A Family Reunion Bonanza
When I was young, my family watched the great television westerns like Bonanza, Rawhide, Wagon Train and Maverick.
Although we lived in Akron, Ohio at the time, those programs about the Old West put us in touch with an entirely different part of the country and a lifestyle we could only dream about. Those shows, and America’s fascination with the Old West, have endured the test of time and are still seen today on cable channels all over the world.
Today, your family doesn’t have to watch television to dream about the Old West. They can be part of it!
Families hold their reunions at dude ranches every year to experience that Old West living. Dude ranches are spread across the mountains, deserts, and rivers of the Old West from Idaho to Arizona. Here’s a little help in choosing a dude ranch for your next family reunion.
“A select group of dude ranches are part of The Association of Dude Ranchers which was started in 1926, “said Colleen Hodson, executive director of the association. “These select ranches have met strict criteria to become part of the association. They work together to bring you and your family exhilarating experiences in mountains, on rivers, and, of course, on the ranch. In addition to the traditional activities like horseback riding, rafting, fishing and hiking, today’s association member ranches offer kids programs, hot air ballooning, lake dinner cruises and dozens of other activities that will bring families closer together, all while experiencing the grandeur of nature. Even better, you can leave your wallet at home because most Dude Ranch Association member ranches operate as all-inclusive vacations with plentiful and friendly staffs dedicated to helping you enjoy your stay.”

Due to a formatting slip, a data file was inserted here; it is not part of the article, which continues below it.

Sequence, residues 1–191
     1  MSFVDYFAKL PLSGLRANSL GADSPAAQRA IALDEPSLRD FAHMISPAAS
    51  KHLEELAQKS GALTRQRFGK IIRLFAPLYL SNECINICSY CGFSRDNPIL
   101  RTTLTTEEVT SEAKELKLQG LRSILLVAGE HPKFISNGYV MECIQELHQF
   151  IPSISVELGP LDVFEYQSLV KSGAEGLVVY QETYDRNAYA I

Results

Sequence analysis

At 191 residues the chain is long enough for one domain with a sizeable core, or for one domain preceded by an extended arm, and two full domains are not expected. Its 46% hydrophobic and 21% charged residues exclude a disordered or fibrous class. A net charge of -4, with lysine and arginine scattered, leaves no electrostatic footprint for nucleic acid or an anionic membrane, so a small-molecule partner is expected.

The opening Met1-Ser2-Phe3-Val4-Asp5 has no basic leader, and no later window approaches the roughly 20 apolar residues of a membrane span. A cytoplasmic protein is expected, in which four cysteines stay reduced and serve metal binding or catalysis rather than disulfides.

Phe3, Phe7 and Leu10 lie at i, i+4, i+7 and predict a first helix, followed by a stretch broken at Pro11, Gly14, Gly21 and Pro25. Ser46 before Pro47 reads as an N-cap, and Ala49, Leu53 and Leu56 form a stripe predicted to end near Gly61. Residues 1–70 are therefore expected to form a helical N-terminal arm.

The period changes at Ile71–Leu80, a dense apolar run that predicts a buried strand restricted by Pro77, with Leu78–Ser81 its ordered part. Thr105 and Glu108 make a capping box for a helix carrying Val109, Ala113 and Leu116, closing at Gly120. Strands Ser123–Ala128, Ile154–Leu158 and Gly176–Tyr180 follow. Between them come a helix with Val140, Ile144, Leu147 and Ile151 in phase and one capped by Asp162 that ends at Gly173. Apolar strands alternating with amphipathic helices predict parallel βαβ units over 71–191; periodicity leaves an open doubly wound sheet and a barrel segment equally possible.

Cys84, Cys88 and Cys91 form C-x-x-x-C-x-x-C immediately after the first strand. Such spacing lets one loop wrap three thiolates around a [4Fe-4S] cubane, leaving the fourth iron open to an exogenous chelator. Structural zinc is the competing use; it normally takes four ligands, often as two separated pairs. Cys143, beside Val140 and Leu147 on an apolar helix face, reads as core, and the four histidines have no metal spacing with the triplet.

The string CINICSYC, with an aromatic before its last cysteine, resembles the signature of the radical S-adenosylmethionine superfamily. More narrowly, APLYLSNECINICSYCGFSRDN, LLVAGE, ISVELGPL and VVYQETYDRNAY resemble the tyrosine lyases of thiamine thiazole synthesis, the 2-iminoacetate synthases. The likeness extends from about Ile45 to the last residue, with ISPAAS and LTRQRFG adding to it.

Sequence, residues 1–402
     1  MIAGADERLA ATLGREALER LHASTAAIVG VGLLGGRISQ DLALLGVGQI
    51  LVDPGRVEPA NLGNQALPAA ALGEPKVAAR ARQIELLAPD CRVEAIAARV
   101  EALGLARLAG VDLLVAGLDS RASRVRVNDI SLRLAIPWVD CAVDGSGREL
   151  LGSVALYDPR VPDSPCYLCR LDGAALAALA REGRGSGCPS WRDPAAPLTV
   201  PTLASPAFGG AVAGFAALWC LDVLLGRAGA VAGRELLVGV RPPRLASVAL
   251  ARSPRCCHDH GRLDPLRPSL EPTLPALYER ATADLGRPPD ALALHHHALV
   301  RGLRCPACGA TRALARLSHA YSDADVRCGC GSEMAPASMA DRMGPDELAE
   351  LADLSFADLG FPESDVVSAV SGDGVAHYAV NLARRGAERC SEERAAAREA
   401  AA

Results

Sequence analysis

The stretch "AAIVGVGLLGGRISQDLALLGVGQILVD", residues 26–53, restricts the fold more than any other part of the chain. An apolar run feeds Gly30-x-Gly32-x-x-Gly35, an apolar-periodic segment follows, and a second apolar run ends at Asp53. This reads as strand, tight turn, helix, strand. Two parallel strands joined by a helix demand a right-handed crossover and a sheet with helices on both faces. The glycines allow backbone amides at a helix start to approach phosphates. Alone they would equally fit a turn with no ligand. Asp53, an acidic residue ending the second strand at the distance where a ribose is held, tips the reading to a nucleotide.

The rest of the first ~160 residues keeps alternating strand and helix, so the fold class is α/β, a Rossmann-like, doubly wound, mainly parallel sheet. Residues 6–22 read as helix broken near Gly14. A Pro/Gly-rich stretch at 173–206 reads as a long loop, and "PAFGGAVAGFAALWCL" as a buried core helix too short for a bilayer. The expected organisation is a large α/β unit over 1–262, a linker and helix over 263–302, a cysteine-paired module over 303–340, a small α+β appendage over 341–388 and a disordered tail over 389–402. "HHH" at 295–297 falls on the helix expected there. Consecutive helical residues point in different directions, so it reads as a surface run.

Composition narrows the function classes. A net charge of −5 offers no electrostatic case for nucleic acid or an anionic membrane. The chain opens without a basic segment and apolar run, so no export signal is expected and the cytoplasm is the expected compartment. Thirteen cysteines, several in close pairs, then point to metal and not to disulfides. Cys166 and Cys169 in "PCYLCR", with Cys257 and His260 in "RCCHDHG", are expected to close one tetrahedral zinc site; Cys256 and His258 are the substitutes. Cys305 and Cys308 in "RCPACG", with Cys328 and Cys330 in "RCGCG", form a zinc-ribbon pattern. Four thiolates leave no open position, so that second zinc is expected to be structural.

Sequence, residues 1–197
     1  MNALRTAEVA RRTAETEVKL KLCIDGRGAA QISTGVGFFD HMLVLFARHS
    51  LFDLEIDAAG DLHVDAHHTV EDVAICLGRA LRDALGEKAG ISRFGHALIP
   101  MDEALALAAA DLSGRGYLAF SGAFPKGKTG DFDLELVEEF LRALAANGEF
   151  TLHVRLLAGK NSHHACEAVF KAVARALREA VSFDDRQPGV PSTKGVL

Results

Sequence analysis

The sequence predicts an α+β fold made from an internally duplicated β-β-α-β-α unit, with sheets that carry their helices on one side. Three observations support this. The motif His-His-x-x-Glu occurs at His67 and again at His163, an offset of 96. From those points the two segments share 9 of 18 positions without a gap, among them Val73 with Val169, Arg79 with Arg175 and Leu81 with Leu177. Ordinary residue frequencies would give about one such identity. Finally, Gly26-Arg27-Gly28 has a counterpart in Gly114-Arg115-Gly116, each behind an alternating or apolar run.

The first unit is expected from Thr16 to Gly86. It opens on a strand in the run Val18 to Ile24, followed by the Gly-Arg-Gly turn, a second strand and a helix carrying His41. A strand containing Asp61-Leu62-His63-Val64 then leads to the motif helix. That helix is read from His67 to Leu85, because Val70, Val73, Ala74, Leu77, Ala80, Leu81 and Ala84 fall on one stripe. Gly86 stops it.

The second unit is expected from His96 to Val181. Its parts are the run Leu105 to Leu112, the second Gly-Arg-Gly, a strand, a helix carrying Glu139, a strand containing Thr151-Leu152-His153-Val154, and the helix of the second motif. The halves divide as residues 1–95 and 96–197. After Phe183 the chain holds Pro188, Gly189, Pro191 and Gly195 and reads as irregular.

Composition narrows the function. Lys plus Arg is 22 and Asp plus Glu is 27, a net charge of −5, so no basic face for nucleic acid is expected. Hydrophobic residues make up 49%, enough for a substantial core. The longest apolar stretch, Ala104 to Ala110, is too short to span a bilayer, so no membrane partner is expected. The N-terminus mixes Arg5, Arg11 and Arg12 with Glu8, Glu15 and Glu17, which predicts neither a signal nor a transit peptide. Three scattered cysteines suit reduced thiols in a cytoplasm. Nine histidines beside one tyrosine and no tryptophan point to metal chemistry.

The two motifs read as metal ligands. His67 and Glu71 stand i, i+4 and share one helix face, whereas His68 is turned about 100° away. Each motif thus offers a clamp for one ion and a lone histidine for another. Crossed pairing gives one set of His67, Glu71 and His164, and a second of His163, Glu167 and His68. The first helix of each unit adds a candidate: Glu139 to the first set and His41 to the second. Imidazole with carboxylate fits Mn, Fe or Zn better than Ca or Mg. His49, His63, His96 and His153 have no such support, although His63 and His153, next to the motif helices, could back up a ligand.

That’s right, these dude ranches are all-inclusive vacations, usually lasting from a Sunday check in to a Saturday check out. Three hearty meals a day, all the horseback riding you want, and dozens of other activities all included in the one price. Families enjoy the beauty of the outdoors free from the stress of their everyday lives.
In addition to the convenience of the all-inclusive experience, you’ll find that most dude ranches are steeped in history and tradition.
Look at Janice and Roley Schoonover’s Western Pleasure Guest Ranch in northern Idaho. Just 60 miles south of the Canadian border, the Western Pleasure Ranch was founded by Janice’s grandfather, a sharecropper from Colorado.
“Grandpa made his way in 1940 to Idaho with $600 in his pocket to buy 360 acres. In 1958 my parents expanded it to 600 acres,” Janice said. “When I was young, my four older brothers and I lived on the ranch with over 1,000 chickens.”
In the mid 1990s, Janice and her husband, Roley, began entertaining guests at the ranch. At first, they only offered log cabins, but in 2007 they built a lodge to accommodate even more guests and a dining hall. In the week you spend at the Western Pleasure you will horseback ride through pastures and mountains, have a dinner cruise on Lake Pend Oreille, take in some archery or clay pigeon shooting, ride a chairlift up Schweitzer Mountain, visit quaint downtown Sandpoint and much more. Watch this video link (Western Pleasure Guest Ranch Video) and you’ll see why families return year-after-year to the ranch. Don’t forget, it’s all-inclusive with three meals per day, beer and wine included.